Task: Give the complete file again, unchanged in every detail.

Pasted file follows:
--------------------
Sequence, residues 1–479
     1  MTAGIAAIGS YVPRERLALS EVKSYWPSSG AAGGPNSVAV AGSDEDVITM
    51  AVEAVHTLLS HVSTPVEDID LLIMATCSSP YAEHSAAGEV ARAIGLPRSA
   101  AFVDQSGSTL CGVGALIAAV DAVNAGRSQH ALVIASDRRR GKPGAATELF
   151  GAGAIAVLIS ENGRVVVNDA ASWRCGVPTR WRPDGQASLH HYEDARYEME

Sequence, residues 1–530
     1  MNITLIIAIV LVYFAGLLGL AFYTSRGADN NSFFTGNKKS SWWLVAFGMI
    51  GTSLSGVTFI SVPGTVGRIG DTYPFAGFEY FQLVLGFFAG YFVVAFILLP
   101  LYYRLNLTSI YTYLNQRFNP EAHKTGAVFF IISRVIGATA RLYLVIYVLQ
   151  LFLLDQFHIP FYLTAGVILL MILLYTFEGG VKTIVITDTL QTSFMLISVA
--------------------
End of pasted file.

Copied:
Sequence, residues 1–479
     1  MTAGIAAIGS YVPRERLALS EVKSYWPSSG AAGGPNSVAV AGSDEDVITM
    51  AVEAVHTLLS HVSTPVEDID LLIMATCSSP YAEHSAAGEV ARAIGLPRSA
   101  AFVDQSGSTL CGVGALIAAV DAVNAGRSQH ALVIASDRRR GKPGAATELF
   151  GAGAIAVLIS ENGRVVVNDA ASWRCGVPTR WRPDGQASLH HYEDARYEME

Sequence, residues 1–530
     1  MNITLIIAIV LVYFAGLLGL AFYTSRGADN NSFFTGNKKS SWWLVAFGMI
    51  GTSLSGVTFI SVPGTVGRIG DTYPFAGFEY FQLVLGFFAG YFVVAFILLP
   101  LYYRLNLTSI YTYLNQRFNP EAHKTGAVFF IISRVIGATA RLYLVIYVLQ
   151  LFLLDQFHIP FYLTAGVILL MILLYTFEGG VKTIVITDTL QTSFMLISVA